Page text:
Crystal Golden, Soprano, is a Master's student in Vocal Performance at George Mason University. She won First-Place at several state and regional competitions, and has performed major operatic roles both at GMU and internationally (Amalfi, Italy). She has received numerous awards in academic achievement, has studied abroad at the University of Oxford, and is a member of both Phi Kappa Phi and Phi Beta Kappa.
Estrella Hong is currently a doctoral student in piano performance at George Mason University in the studio of Dr. Linda Monson. She is also a graduate teaching assistant in keyboard skills. She studied piano at the National Conservatory in Buenos Aires, Argentina, as a young pianist. Additionally, she graduated with a Biochemistry degree at UCLA and assisted various research projects in Whitesides lab at Harvard University.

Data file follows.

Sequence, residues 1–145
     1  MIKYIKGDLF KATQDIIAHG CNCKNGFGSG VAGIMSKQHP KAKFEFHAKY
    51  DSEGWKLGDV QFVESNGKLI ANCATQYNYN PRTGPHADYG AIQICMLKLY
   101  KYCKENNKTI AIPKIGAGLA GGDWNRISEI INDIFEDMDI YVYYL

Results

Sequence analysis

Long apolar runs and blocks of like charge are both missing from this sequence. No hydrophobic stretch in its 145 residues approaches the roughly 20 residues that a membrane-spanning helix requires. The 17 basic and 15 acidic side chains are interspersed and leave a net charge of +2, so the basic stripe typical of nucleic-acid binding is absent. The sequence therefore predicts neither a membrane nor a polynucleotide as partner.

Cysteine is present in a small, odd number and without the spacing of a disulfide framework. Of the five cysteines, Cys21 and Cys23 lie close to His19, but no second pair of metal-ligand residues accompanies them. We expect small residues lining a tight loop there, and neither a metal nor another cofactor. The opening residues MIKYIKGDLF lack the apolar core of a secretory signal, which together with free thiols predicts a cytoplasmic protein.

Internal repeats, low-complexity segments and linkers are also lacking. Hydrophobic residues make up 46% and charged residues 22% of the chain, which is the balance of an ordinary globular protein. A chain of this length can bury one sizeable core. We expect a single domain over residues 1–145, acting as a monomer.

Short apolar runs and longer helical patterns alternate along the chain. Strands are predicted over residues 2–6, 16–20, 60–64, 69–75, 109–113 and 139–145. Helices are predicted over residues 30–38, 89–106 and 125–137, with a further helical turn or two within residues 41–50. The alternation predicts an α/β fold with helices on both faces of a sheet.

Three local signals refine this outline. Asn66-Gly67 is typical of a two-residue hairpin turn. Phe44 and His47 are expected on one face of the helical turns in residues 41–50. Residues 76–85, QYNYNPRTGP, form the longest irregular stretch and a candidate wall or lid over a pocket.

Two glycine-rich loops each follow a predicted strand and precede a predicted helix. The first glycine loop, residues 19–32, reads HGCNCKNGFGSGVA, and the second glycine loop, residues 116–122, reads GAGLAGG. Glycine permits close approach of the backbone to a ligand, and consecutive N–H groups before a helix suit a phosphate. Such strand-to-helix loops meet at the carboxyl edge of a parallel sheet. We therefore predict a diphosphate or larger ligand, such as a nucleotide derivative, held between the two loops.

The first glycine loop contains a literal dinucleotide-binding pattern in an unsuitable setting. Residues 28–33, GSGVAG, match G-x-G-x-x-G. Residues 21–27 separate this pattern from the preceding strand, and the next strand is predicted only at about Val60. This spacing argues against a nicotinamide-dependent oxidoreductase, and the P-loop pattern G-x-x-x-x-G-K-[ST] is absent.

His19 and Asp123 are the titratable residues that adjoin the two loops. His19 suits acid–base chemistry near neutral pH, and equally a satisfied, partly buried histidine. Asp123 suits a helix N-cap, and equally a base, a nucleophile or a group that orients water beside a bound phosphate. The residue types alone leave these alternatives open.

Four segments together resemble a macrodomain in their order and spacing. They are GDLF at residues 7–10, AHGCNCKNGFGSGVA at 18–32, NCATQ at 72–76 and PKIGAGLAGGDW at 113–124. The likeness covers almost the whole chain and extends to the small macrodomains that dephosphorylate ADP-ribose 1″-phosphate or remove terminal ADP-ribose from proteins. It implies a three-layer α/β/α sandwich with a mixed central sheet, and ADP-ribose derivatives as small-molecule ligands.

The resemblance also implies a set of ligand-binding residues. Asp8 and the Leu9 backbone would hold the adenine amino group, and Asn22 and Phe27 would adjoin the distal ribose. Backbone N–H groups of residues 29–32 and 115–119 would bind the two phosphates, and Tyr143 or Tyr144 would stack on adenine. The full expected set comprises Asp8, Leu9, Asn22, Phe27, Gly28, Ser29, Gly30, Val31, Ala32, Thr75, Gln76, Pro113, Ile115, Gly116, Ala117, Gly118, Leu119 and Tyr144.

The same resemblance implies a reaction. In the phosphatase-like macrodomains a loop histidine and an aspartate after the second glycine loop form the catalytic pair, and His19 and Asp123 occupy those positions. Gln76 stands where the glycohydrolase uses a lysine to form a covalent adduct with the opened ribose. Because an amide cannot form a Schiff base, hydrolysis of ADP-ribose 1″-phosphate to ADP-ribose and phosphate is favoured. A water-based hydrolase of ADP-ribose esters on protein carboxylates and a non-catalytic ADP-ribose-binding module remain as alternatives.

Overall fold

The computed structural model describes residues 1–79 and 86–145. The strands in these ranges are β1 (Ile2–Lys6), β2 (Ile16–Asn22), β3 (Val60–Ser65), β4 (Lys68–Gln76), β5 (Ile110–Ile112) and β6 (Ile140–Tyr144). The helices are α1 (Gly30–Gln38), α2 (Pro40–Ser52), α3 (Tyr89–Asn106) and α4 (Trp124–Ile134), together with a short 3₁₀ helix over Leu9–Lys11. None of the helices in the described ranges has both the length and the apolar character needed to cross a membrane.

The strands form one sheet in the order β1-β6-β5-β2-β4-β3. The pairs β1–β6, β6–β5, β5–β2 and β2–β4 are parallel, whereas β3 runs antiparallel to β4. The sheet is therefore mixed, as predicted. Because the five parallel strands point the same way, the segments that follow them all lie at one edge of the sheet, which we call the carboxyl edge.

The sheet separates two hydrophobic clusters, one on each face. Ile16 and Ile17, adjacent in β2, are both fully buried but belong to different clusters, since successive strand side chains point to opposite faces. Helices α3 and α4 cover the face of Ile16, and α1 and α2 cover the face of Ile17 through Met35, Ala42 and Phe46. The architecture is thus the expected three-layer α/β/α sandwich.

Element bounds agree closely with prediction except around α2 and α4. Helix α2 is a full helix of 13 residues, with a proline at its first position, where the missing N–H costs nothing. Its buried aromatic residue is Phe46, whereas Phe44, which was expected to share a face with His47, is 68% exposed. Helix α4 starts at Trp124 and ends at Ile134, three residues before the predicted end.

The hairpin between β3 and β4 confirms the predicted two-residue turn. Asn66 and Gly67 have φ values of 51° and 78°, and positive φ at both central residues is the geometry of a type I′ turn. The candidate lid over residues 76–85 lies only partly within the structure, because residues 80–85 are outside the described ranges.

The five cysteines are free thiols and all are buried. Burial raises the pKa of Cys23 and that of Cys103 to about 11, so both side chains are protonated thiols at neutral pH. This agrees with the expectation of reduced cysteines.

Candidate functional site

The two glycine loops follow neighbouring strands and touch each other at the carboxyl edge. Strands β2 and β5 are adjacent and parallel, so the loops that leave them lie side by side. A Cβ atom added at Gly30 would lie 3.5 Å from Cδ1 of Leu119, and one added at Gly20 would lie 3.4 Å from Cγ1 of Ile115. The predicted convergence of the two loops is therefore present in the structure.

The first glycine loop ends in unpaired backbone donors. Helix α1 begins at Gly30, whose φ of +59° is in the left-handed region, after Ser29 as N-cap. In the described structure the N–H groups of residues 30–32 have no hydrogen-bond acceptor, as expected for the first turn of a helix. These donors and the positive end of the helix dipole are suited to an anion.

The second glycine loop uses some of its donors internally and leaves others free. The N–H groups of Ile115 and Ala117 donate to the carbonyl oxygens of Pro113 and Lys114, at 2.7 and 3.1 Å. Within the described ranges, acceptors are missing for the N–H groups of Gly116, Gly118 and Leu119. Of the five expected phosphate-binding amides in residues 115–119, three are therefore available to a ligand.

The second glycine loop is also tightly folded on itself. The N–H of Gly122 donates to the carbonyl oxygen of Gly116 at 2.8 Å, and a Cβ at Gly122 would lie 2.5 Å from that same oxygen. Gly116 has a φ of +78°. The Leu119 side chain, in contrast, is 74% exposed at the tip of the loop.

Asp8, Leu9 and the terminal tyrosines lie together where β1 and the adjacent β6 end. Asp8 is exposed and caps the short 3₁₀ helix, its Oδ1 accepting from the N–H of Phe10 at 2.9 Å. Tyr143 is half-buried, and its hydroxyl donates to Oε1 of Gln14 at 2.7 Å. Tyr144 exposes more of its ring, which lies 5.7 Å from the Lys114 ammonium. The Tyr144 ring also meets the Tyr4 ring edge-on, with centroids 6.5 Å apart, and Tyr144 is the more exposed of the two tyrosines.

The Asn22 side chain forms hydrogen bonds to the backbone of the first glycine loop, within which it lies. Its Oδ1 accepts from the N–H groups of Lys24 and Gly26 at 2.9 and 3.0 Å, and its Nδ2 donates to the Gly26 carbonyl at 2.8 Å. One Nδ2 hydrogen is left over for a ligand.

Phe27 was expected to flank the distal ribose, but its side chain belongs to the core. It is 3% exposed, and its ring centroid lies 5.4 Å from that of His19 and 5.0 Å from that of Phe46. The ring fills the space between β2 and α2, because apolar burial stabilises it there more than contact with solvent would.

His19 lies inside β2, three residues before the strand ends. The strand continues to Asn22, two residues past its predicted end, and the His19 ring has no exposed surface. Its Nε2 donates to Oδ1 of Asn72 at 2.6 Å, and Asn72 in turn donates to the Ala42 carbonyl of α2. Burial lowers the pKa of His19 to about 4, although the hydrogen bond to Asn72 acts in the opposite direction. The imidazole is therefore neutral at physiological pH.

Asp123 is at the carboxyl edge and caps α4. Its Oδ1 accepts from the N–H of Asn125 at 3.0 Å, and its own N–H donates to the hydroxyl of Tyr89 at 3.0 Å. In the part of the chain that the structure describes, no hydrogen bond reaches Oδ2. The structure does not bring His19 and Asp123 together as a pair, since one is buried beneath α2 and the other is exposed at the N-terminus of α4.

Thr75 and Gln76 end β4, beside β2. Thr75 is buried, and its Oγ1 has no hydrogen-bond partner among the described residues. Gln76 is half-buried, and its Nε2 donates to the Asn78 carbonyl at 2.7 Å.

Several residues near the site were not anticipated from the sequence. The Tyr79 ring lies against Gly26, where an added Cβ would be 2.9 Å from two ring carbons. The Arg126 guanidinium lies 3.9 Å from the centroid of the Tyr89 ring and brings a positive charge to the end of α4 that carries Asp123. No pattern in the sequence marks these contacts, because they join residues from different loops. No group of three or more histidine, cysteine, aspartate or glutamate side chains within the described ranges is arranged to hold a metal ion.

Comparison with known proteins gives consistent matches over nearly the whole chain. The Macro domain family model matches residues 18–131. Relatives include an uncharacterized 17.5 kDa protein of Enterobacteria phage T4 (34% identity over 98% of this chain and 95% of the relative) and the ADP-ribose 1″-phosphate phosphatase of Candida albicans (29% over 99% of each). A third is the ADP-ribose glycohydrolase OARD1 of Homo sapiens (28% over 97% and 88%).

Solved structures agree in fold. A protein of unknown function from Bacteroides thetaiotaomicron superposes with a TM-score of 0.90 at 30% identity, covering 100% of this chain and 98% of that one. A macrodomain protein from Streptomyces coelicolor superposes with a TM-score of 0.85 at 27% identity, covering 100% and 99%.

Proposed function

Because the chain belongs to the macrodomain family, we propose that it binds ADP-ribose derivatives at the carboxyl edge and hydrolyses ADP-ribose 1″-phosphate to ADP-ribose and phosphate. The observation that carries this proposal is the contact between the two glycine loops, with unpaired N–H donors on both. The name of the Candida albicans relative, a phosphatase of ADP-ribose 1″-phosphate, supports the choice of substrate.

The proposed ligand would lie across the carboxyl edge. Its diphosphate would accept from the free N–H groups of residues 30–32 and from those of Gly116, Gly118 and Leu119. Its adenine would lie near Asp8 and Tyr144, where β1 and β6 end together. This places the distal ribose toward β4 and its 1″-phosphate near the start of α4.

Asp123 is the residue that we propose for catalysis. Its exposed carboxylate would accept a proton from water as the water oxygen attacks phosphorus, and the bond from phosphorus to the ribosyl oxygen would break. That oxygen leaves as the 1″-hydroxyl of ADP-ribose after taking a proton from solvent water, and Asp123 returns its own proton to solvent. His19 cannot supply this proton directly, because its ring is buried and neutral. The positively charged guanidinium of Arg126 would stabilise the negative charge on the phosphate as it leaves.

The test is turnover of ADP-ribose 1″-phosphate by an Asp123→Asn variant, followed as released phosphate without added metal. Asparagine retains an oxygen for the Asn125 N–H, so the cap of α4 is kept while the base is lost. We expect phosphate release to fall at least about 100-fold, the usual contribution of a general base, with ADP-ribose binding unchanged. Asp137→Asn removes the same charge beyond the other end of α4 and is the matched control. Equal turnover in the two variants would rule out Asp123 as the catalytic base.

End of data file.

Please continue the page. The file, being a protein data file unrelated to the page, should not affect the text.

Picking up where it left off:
Eli Stine is a composer, programmer, and educator. He is currently pursuing a Ph.D. in Composition and Computer Technologies as a Jefferson Fellow at the University of Virginia. Stine's work explores electroacoustic sound, multimedia technologies (often custom-built software, video projection, and multi-channel speaker systems), and collaboration between disciplines (artistic and otherwise).
When Yankee Doodle came to Paris town,
Upon his face he wore a little frown,
To those he’d meet upon the street he couldn’t speak a word
To find a Miss that he could kiss it seemed to be absurd.
But if this Yankee should stay there awhile
Upon his face you’re bound to see a smile.
When Yankee Doodle learns to Parlez vous Francais (Parlez vous Francais) in the proper way,
He will call each girlie “Ma Cherie.”
To every Miss that wants a kiss
He’ll say wee, wee, on ze be--on ze bou--on ze boule--boulevard,
With a girl, with a curl you can see him promenade.
When Yankee Doodle learns to Parlez vous Francais,
“Oo la la, sweet papa” he will teach them all to say.
Soon Yankee Doodle he left Paris town,
Upon his face there was a coat of brown
For every man of Uncle Sam was fighting in a trench,
Between each shell they learned quite well to speak a little French.
When Yankee Doodle gets back to Paree
He’ll break a million hearts take it from me.